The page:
A Dryer Vent Explained

A dryer vent exhausts hot, moist, linty air (and resultant gasses of combustion if it is a natural gas dryer) from the dryer to the outside of the house. Although I've seen dryers vent into crawl spaces, attics, joist cavities, or just straight into their own laundry room, none of these scenarios are permissible. The dryer must vent to the exterior.

To create the dryer vent, a route must be established from the dryer to either the roof or exterior wall that is within the overall length guidelines and also is able to be efficiently routed. This dryer vent system is comprised of several items:

  • Transition duct -- should be rigid metal or semi-rigid metal. This is the duct that connect from the dryer to the main duct.
  • Main duct -- should only be heavy gauge rigid duct. This is the duct that connects from the laundry room to the exterior.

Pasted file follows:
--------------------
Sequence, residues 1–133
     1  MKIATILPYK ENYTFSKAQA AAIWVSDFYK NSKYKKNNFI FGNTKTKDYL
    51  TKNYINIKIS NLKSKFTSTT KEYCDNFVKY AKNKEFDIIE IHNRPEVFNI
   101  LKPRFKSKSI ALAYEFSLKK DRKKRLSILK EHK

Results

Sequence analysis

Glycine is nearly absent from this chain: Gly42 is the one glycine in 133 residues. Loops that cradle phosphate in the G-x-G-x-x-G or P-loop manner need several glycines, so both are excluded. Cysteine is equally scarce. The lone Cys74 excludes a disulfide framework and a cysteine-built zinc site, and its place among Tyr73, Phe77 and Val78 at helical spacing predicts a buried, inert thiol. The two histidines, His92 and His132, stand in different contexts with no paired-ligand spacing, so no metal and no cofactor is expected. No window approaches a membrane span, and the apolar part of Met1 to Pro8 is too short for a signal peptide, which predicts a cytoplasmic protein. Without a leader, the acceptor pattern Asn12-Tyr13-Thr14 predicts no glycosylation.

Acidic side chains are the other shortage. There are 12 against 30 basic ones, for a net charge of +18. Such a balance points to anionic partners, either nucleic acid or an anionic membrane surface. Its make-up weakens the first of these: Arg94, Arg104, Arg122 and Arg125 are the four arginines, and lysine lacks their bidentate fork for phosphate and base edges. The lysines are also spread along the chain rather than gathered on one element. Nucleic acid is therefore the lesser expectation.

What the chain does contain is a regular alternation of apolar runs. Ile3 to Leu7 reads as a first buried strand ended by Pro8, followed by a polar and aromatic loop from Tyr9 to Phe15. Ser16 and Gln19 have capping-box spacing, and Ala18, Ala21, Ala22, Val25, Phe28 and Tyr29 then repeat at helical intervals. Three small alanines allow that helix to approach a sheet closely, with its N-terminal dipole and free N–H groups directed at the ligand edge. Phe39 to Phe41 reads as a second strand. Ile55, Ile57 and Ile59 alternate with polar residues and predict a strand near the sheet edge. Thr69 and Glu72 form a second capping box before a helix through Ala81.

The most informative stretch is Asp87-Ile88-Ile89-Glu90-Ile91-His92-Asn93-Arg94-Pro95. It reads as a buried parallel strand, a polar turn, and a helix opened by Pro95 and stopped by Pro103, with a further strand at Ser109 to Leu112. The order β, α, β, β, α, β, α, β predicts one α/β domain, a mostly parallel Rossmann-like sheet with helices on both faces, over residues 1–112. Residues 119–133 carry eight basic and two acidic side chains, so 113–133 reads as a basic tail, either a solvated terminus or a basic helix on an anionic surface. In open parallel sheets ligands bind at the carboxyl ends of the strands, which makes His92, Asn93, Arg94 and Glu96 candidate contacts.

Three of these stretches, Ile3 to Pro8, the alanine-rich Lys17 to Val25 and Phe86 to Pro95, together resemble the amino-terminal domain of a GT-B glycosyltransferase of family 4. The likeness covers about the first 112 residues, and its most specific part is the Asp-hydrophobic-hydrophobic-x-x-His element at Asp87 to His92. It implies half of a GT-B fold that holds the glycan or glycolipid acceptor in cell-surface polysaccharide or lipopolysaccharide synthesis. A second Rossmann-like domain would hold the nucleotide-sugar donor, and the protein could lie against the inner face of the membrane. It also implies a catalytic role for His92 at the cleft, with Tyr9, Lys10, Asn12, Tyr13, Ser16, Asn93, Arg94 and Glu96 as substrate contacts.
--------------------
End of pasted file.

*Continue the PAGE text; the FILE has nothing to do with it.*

• Insulation -- wrapped fiberglass. This is recommended for ductwork in unconditioned spaces.
  • Termination hood -- ideally metal without a pest guard. This is what the duct connects to and interacts with the outside world. It's what you see of the dryer vent system from the exterior and it is the actual point where the exhaust leaves the dryer vent.

As the exhaust travels through the dryer vent system, the moisture condenses on the inner wall of the duct. The condensed moisture then pulls the lint out of the exhaust and causes it to accumulate. As this happens, the airway slowly chokes down in size (1/2" of inner wall accumulation restricts the duct by almost 50%). Also, as the velocity of the exhaust stream dissipates over the distance of the ductwork, then further accumulation occurs.

I hope these basic help you understand your house's dryer vent better.